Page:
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Posts Tagged ‘music’

The World of The Seven-Alphabets

February 10, 2012 4 comments

Can you imagine yourself living in a world with only 7 alphabets around? The seven are A B C D E F G.

Hmm… Maybe you’ll get a better idea if I arrange them like this: C D E F G A B?

Yeah, those are musical symbols for music notes. I have no idea why the early musicians chose these seven letters and this post is not going to talk about that history anyway. But here we are, living in a world with music being represented with 7-letters.

Are you a musician or a singer?  Have you ever tried to be one? Maybe not all of us are musicians or singers but we all listen to songs, don’t we?

What is “music” by the way? According to dictionary.com, “music” is “an art of sound in time that expresses ideas and emotions in significant forms through the elements of rhythm, melody, harmony, and color.” Alright, we know that one. Next is, what is a sound? I’m not looking up for dictionary result on this. Basically any sound that we hear everyday is a longitudinal wave that traverse in the air with certain frequencies. And every musical note has its own vibration frequency. The standard A that is used as the concert pitch has a frequency of 440 Hertz, or 440 vibrations per second. The complete frequency list of every note is listed here.

Why am I saying all these technical stuffs? Because I want to show that actually there is a lot of science involved in music. In fact, music is a result of a series of physics phenomenon, starting from the instrument itself whether it is a piano, guitar, or others. The construction of a guitar is so much dependent on the Mersenne’s Law. Those frets on the guitar neck are spaced out with certain distances (they are not equally spaced out if you notice) so that the frequencies created will be that of musical notes.

The harmonic sound (guitarists do this all the time, harmonic sounds are on 0:07, 1:16, 1:24, 2:46, and 2:53) has a science explanation too. It doesn’t just happen. It happens because it follows science rules.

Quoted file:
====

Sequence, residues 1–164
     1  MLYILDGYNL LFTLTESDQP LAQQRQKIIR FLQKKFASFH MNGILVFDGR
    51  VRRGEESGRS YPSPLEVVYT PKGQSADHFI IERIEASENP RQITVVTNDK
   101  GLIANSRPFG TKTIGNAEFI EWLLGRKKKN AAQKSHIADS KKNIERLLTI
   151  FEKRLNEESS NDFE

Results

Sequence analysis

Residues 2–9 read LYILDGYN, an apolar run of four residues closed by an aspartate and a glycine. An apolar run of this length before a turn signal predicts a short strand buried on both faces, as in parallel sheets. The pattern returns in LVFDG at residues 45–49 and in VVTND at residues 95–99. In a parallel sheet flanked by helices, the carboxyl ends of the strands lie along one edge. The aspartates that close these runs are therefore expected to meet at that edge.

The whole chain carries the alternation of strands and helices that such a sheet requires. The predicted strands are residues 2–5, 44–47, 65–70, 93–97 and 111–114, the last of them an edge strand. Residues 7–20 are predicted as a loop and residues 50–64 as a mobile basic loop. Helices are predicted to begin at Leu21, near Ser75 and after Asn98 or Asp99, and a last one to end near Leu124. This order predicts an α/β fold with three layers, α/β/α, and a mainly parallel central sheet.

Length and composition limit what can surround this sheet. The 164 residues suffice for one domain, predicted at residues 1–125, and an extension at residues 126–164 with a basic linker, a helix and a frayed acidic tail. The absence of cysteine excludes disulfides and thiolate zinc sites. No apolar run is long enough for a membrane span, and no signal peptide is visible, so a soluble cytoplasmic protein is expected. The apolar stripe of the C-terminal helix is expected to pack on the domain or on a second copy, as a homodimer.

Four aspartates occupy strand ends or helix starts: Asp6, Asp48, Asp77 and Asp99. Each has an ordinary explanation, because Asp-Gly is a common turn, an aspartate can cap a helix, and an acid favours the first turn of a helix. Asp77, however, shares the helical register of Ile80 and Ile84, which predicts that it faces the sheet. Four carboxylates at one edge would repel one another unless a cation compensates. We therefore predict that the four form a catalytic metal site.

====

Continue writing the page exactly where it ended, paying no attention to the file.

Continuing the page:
Lastly, I want to ask another question: Have you ever experienced only hearing the electric bass sound of a group band while the whole band is playing? I have had that experience. And normally you can only hear low frequency sounds from afar. Only when you get nearer, you can hear them all. This, again, is a result of higher amplitude wave travels further.

I found all these interesting and amusing that music is actually an application of science! However, a lot of musicians may not be well aware of this fact. The question is, is it important for musicians to understand the relation of music and science? Or we can also generalize the issue: Is it important for people in general to understand how things actually work despite of the fact that they have already been using them everyday?

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I’d like to do another survey. This is for my essay:

September 24, 2011 10 comments

1) What kind of music do you listen to?

2) What kind of relationship do you have with music? What does it say to you? How does it make you feel?

3) Do you listen to music to get away from reality? Get closer to yourself? Get closer to a certain time or place?

4) Do you prefer electronic sounds (synthesizers), electrically amplified acoustic sounds (electric guitars) or acoustic sounds (pianos, acoustic guitars, violins, etc)?

Thanks for your answers. i will consider them for my essay.

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